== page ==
The Hub will be designed to attract private co-investment and to partner with equivalent bodies among like-minded nations. The first step is a joint cooperation agreement which the Government has signed with the United States.

And we’re looking forward to working with other countries, too.

Ladies and gentlemen, technology isn’t developed in a vacuum.

It reflects the values of the society that creates and uses it. And how they use it.

For Australia’s part, we are guided by our values as a liberal democratic nation — based on respect for the rule of law, human rights, economic and religious freedom, gender equality, and independent institutions.

We want technology to protect our citizens’ autonomy, privacy and data.

But you know, not all governments see technology the same way. They don’t see technology that way.

As President Biden has said:

“We’re … encountering a new era — an era of new technologies and possibilities that have the potential to release and reshape every aspect of human existence. And it’s up to all of us to determine whether these technologies are a force to empower people or to deepen repression.”

Australia, like the United States, is committed to playing our part so that rules and norms around technology reflect the values of our open societies.

Our International Cyber and Critical Technology Engagement Strategy provides a framework to guide our international engagement.

We’re heavily engaged in standards-setting bodies like the International Organization for Standardization and International Telecommunication Union.

We’re also working through forums like the OECD, ASEAN, NATO, the G7 Plus and G20.

Australia is one of only 15 founding members of the Global Partnership on AI — a coalition working to ensure AI is used responsibly and respects human rights and democratic values.

And we’ve been working with the United Kingdom to develop ethical principles for human augmentation technologies, which will be progressed at the Future Tech Forum later this month.

We cannot shy away from the ethical implications of new technologies.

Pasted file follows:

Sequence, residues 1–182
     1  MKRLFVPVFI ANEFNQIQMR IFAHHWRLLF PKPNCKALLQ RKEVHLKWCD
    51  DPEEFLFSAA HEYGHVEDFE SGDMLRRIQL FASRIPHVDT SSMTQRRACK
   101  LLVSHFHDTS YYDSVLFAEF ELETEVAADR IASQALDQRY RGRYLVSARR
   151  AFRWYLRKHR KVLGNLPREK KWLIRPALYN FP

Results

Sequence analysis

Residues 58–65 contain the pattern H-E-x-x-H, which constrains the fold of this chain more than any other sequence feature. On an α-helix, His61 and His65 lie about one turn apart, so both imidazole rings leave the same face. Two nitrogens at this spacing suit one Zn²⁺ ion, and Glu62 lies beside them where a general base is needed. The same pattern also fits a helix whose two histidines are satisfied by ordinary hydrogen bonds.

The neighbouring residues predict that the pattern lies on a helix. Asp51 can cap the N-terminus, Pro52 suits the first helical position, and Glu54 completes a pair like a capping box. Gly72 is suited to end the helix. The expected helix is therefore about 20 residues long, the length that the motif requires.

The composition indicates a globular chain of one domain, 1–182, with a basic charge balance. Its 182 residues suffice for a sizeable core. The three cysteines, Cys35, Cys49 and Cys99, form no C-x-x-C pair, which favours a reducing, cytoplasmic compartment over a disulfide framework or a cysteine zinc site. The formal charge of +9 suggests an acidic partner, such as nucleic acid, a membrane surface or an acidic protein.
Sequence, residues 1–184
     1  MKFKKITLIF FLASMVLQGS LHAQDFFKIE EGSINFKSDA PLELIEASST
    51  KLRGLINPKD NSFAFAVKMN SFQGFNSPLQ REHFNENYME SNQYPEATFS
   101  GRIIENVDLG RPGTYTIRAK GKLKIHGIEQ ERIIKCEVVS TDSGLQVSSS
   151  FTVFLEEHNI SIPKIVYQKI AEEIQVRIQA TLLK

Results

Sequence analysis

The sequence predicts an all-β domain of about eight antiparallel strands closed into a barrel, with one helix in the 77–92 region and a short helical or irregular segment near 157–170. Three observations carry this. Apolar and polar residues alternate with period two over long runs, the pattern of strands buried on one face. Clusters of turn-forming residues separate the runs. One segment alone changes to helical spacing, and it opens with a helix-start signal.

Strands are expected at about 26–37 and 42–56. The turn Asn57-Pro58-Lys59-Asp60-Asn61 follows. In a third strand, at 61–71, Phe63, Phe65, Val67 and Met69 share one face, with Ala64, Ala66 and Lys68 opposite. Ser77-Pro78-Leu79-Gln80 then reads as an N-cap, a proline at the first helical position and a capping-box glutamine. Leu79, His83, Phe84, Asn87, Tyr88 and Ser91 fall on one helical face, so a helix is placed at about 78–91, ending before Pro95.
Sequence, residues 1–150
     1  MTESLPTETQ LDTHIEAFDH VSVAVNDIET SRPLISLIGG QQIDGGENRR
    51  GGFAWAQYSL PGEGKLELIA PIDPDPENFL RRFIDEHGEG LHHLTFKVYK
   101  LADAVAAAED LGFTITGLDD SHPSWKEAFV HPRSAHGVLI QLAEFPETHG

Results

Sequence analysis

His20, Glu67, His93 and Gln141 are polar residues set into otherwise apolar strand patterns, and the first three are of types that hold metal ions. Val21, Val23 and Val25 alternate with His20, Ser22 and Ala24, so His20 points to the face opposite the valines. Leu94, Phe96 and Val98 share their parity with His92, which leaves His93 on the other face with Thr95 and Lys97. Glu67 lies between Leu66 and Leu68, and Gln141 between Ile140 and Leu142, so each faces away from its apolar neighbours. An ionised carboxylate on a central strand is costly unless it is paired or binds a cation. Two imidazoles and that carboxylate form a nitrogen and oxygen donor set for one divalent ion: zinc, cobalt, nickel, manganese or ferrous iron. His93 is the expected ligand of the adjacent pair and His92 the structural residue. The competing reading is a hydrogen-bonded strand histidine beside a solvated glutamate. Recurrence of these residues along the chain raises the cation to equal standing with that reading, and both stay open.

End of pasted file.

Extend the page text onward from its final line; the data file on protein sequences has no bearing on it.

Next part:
We need to be asking ourselves what should be done with technology — not just what can be done.

Ensuring our citizens understand that technologies are safe and secure and working in their interest is fundamental in providing the enabling environment necessary to support deployment. 

Before I conclude, I should note that I am also speaking at the Bengaluru Tech Summit today, which is India’s biggest technology summit.

There is much we can do with India in this area - some of which I have already touched on today, including as part of our Quad partnership.

As part of our Comprehensive Strategic Partnership with India, our two countries are already cooperating — on cyber security, critical and emerging technologies, critical minerals, the digital economy, and so much more.

I will expand on some of the complementary initiatives with India at the Summit.

Friends, in this era of technological transformation and strategic competition, there are great challenges before us all.

Our goals are clear: to uphold our liberal democratic traditions, to keep Australia prosperous and to keep it strong and safe.

We will achieve this by working together and investing in the research and capabilities that reflect our interests and our values.

I want to send my best wishes to all who will be participating in this Sydney Dialogue.

Particularly my great friends Prime Minister Narendra Modi, former Prime Minister Shinzo Abe, and former Prime Minister John Howard.

I look forward to us having the opportunity to do it all again next year in person.

Thank you very much for your attention.